About the Book

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Design after Capitalism

(MIT Press, 2022)

How design can transcend the logics, structures, and subjectivities of capitalism: a framework, theoretical grounding, and practical principles.

The designed things, experiences, and symbols that we use to perceive, understand, and perform our everyday lives are much more than just props. They directly shape how we live. In Design after Capitalism, Matthew Wizinsky argues that the world of industrial capitalism that gave birth to modern design has been dramatically transformed. Design today needs to reorient itself toward deliberate transitions of everyday politics, social relations, and economies. Looking at design through the lens of political economy, Wizinsky calls for the field to transcend the logics, structures, and subjectivities of capitalism—to combine design entrepreneurship with social empowerment in order to facilitate new ways of producing those things, symbols, and experiences that make up everyday life.
After analyzing the parallel histories of capitalism and design, Wizinsky offers some historical examples of anticapitalist, noncapitalist, and postcapitalist models of design practice. These range from the British Arts and Crafts movement of the nineteenth century to contemporary practices of growing furniture or biotextiles and automated forms of production. Drawing on insights from sociology, philosophy, economics, political science, history, environmental and sustainability studies, and critical theory—fields not usually seen as central to design—he lays out core principles for postcapitalist design; offers strategies for applying these principles to the three layers of project, practice, and discipline; and provides a set of practical guidelines for designers to use as a starting point. The work of postcapitalist design can start today, Wizinsky says—with the next project.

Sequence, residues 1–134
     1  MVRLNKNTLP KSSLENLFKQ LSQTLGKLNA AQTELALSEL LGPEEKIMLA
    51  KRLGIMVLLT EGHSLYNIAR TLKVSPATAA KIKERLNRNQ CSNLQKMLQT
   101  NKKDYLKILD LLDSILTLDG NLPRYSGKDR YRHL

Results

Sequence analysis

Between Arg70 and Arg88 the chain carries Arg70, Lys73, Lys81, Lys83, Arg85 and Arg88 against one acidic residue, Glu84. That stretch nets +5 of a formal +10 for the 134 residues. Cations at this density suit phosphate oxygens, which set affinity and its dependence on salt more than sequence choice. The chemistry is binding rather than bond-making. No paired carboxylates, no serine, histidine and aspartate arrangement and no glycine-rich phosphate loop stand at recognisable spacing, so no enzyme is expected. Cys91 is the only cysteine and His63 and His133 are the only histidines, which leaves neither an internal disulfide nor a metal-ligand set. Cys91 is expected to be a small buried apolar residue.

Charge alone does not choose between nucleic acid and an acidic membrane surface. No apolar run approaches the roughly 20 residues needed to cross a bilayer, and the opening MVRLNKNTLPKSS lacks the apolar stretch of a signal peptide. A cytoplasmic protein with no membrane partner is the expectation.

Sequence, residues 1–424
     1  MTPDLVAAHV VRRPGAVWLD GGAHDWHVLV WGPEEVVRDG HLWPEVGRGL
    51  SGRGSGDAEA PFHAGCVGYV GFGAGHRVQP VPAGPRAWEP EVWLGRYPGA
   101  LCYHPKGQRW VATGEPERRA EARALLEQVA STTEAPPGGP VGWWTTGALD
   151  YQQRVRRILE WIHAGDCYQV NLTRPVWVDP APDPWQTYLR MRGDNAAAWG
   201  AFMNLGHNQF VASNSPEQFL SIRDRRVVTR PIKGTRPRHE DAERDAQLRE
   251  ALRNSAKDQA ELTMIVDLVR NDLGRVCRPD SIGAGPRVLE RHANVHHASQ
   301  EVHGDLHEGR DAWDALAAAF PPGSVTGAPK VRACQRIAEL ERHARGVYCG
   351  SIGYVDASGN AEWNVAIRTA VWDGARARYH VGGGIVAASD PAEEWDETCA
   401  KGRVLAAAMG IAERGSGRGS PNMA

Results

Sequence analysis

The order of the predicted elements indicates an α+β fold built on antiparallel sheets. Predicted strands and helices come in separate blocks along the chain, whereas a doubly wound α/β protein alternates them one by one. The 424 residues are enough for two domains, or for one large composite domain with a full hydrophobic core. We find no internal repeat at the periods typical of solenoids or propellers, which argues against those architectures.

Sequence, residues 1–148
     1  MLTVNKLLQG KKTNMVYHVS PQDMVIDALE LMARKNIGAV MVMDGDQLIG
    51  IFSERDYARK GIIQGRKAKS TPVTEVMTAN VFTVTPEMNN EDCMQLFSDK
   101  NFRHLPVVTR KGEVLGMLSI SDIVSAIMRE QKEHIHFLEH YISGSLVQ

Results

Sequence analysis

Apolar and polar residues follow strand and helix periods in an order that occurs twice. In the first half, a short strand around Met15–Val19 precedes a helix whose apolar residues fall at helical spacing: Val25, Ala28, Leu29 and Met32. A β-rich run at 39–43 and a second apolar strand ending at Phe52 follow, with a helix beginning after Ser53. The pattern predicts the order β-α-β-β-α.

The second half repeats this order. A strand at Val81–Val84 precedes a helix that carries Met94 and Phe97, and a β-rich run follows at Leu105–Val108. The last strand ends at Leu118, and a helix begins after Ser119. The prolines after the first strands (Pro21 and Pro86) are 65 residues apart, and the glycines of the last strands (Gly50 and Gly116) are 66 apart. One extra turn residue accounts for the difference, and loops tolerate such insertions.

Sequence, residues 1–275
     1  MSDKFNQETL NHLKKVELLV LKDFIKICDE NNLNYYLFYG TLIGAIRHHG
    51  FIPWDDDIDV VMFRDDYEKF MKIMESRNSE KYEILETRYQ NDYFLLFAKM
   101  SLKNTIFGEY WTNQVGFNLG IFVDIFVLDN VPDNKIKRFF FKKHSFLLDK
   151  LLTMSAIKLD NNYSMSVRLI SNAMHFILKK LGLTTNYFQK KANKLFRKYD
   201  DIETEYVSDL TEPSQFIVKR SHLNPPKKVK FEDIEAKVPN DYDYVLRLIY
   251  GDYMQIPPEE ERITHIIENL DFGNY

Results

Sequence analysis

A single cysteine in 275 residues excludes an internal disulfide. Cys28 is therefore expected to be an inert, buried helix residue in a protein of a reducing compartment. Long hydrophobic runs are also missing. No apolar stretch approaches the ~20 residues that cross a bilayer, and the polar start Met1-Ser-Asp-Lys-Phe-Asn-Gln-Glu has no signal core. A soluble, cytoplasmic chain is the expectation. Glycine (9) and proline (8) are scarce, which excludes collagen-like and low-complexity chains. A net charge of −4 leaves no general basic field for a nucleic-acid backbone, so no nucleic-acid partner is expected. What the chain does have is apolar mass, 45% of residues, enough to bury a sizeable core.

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The book is organized into three parts:


What is Design after Capitalism? In the Introduction and first chapter, I define the goals of the book, motivations, some of the key terms, and layout the plan of the project.

Part I. Diagnosis & Critique

Capitalism is in the midst of two crises: a crisis of productivity and a crisis of legitimacy. Networked digital technologies are now producing free, abundant information goods and services that threaten the basic logics of property, production costs, and value. Meanwhile, escalating global inequality, corporate and political corruption, widespread and rapid destruction of the environment, economic precarity, “bullshit jobs,” and massive accumulation of wealth by a very small number of people have disillusioned a wide spectrum of people. Today, most young people in the United States no longer support capitalism, yet they hold no cohesive vision for an alternative. This means that the future users, clients, and constituents of design—and future designers themselves—have lost faith in “business as usual.” A new political economy and new kinds of design are in the making, so long as they can escape the clutches of a dying system.

Part II. Alternatives

Various anticapitalist, noncapitalist, and even some fragmentary examples of postcapitalist models of design practice have existed throughout history. We can be informed and inspired by these case studies to rethink basic assumptions about how design works, how it produces value, and how its fundamental activities can operate outside the seemingly inescapable logics of capitalism. These case studies, along with theoretical positions from a range of disciplines, provide for a theoretical framework and theory of change for postcapitalist design practices.

Part III. Transformation

The final part begins with an exercise in strategic foresight to put forward two possible futures for design after capitalism—one cautionary and one aspirational. Design practice is argued as being in itself “institution making.” Design practices direct massive flows of investment, labor, technology, and material resources, while normalizing cultural ways of knowing, doing, and being. Untethered from goals of profit maximization, design is capable of massive reorientation. The rationale for an egalitarian postcapitalist design sets the course for a defined set of principles, strategies, and practical guidelines that can be used today to begin the work of transformation.

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